PRepster of the Month: Jason Mollica on Cover Letters & Resumes

January 21, 2010 at 10:14 am 3 comments

Jason has had the fortune of wearing many hats over his career.  He has worked in television at places like NBC10 and Comcast SportsNet in Philadelphia, Pa., where he was nominated for an Emmy.  In 2001, he joined Fox News Channel in New York and was part of the team that launched Fox News Radio in 2003.  Seeking a new challenge, Jason entered the public relations and marketing profession.  He currently works as the public relations manager at Carr Marketing Communications in Amherst, N.Y. In 2009, he launched One Guy’s Journey, his blog about life, career, and everything in between. You can also find him adding value to the online PR community on twitter @JasMollica.

Over the years, I have reviewed more than a few cover letters and resumes. I have also written my share as well.  For those reading this, you have probably been told that a good resume will help you get in the door.  This is true.  But if the cover letter does not stand out, your resume may not even be seen. And if a prospective employer does get past the cover letter, you want to make sure the resume is done right.

With a big thanks to Mikinzie for letting me write a guest blog, I wanted to offer a few tips to help you make your cover letter and resume the best it can be.

The Cover Letter

  1. Give them a reason to be intrigued- The first line of the cover letter is important.  When I was recently searching for a new job, the firm I applied to was on Twitter and Facebook as well as having their own blog.  I read each and mentioned this in my cover letter.  I got an e-mail back saying that it was the first time they had a prospective employee from social media. 
  2. Play to your strengths- Whether you are just out of college or a seasoned pro, make sure the person reading it can’t put your letter down.  If you are a student, put your most impressive achievements in.  Awards that stand out will be a key.
  3. Why are you a fit? Be confident, not cocky.  Are you reliable? Say so.  Tell them that you are passionate and enthusiastic as well.  They aren’t looking for lazy and boring, right?

The Resume

Now that they have read your cover letter and liked it, the resume is going to get you the call for an interview.  You can go one of two ways with your resume.  You can use clear, concise bullets and pick out three items to describe what you did in that college position, or can use short paragraphs. In any case, make sure to highlight these items.

  1. Internships- Mention it in the cover letter and then again in the resume.  You want to make this a highlight because (for some) this may be your only experience.  Did you help with the firm’s social media? Stress that you managed the Twitter account and updated Facebook when necessary.
  2. Work study, freelancing- For those that have extensive college work study or freelancing experience, give examples of what you wrote and for whom.  If you wrote for the college newsletter or alumni magazine, include how you helped get the article together.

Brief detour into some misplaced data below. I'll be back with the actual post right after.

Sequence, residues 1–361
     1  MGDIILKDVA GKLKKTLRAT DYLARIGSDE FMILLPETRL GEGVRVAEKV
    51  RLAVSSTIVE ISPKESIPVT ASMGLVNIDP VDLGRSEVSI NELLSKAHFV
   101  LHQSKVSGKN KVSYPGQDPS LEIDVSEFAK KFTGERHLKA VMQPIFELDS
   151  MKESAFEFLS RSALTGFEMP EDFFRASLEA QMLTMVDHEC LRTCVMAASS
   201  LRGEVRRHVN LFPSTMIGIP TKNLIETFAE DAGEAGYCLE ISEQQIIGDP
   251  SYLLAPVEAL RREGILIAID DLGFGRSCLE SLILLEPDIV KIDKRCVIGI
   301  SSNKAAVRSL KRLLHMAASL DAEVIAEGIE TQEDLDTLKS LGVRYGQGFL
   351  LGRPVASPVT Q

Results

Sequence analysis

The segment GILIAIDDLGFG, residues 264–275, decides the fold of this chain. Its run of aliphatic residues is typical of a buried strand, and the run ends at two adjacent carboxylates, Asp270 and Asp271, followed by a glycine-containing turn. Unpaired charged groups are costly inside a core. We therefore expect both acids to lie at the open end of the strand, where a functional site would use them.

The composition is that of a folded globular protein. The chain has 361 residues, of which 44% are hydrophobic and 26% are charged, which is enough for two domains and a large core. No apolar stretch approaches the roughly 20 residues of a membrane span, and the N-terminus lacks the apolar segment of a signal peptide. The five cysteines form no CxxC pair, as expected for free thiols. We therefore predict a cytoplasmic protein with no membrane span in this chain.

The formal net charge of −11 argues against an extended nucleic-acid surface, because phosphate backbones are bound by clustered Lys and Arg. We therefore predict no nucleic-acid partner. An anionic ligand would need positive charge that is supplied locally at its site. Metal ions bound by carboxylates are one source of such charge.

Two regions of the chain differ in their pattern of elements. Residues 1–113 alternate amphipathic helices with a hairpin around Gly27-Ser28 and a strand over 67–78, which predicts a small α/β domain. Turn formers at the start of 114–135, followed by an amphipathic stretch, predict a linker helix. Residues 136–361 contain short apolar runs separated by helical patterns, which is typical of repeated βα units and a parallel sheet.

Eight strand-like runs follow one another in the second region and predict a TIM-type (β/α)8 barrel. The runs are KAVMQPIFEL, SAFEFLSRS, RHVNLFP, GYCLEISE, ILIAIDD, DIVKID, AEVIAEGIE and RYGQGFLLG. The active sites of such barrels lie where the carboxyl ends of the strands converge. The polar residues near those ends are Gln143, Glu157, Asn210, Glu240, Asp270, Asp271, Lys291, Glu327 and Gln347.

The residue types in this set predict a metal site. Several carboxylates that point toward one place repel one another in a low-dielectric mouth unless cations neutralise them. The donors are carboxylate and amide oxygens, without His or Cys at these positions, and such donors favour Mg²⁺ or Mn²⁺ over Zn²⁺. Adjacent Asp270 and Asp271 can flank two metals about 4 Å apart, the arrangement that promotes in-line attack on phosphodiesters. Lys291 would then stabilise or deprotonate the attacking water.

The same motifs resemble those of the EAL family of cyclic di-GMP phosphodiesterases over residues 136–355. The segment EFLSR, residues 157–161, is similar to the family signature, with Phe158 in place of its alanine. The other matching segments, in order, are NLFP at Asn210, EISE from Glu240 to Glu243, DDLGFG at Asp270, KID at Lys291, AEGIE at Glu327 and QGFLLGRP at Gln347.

3. Blogs- When I first started out, blogs weren’t popular.  Now, there are great ones like The PRepguide.  If you can safely say that you would have no problem with an employer looking at it, get it in the resume.
  4. References­- Most people put “Available upon request” on their resumes.  A good idea is to have three people lined up anyways.  Cover your bases, that way when a prospective employer asks, you can send this to them right away.
  5. Portfolio- Make certain you keep EVERYTHING that you have done.  Whether it is an article, blog or PR or marketing project for class, you can put it together to make your work much more impressive.

One last item is something that I can’t stress enough. Make sure that everything is spelled correctly and you are using proper style. Many firms/professionals use AP style.  If you don’t know AP style, learn it… NOW.  If you don’t own the AP Stylebook, go to your campus bookstore or and buy it.  I still use it to make sure I’m using the right form.

A quick example, do not capitalize what should not be capitalized (it’s not Public Relations Manager, it is public relations manager).  Show your prospective employer that you understand one of the most fundamental aspects of public relations by proofreading everything before e-mailing or snail mailing your materials.

If I can be of assistance to you, please feel free to send your resume and cover letter to me at  I would be happy to look them over for you.

I hope these tips help you to get that first job.  Good luck!!


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New at PRepGuide: Tips ‘n Tidbits Tip of the Day: Jan. 24

3 Comments Add your own

  • 1. lmnovo  |  January 21, 2010 at 10:28 am

    Those are great tips, Jason! I especially like the one about using AP style throughout the resume. It makes total sense and yet it is something that would easily be overlooked in the resume context. I’m going to make sure my dates of employment and job titles are all correctly formatted now. Thanks!

  • 2. jasmollica  |  January 21, 2010 at 11:46 am

    Thanks Lauren! I’ve seen some cover letters and resumes that are great, but have style errors and spelling mistakes. When you are ready to send your materials, have someone look it over. Sometimes, we miss our own mistakes, but someone else will pick it.

  • 3. Ryan  |  January 22, 2010 at 10:42 am

    Great tips Jason, I’ll have to remember that so when I update mine I can send it over to you for you to peruse it.

    And congrats on PRepster of the month!


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